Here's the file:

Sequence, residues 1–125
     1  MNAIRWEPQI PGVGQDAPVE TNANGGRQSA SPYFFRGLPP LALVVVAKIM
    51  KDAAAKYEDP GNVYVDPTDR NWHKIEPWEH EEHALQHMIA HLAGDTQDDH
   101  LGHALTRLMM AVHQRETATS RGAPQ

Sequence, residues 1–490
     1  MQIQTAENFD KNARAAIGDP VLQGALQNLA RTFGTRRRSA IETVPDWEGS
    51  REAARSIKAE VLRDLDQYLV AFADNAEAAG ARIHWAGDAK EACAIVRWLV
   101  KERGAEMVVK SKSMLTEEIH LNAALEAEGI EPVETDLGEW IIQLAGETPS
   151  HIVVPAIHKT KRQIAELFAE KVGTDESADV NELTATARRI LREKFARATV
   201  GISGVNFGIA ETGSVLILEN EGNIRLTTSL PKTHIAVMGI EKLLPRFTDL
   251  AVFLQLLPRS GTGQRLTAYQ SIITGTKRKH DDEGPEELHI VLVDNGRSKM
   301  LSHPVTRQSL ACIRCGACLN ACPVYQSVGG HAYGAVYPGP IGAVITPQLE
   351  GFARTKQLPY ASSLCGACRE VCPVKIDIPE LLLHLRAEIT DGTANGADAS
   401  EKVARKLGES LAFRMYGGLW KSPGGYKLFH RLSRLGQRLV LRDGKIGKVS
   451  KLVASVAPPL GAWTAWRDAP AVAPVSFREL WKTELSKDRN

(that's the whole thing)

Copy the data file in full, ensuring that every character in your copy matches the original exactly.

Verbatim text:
Sequence, residues 1–125
     1  MNAIRWEPQI PGVGQDAPVE TNANGGRQSA SPYFFRGLPP LALVVVAKIM
    51  KDAAAKYEDP GNVYVDPTDR NWHKIEPWEH EEHALQHMIA HLAGDTQDDH
   101  LGHALTRLMM AVHQRETATS RGAPQ

Sequence, residues 1–490
     1  MQIQTAENFD KNARAAIGDP VLQGALQNLA RTFGTRRRSA IETVPDWEGS
    51  REAARSIKAE VLRDLDQYLV AFADNAEAAG ARIHWAGDAK EACAIVRWLV
   101  KERGAEMVVK SKSMLTEEIH LNAALEAEGI EPVETDLGEW IIQLAGETPS
   151  HIVVPAIHKT KRQIAELFAE KVGTDESADV NELTATARRI LREKFARATV
   201  GISGVNFGIA ETGSVLILEN EGNIRLTTSL PKTHIAVMGI EKLLPRFTDL
   251  AVFLQLLPRS GTGQRLTAYQ SIITGTKRKH DDEGPEELHI VLVDNGRSKM
   301  LSHPVTRQSL ACIRCGACLN ACPVYQSVGG HAYGAVYPGP IGAVITPQLE
   351  GFARTKQLPY ASSLCGACRE VCPVKIDIPE LLLHLRAEIT DGTANGADAS
   401  EKVARKLGES LAFRMYGGLW KSPGGYKLFH RLSRLGQRLV LRDGKIGKVS
   451  KLVASVAPPL GAWTAWRDAP AVAPVSFREL WKTELSKDRN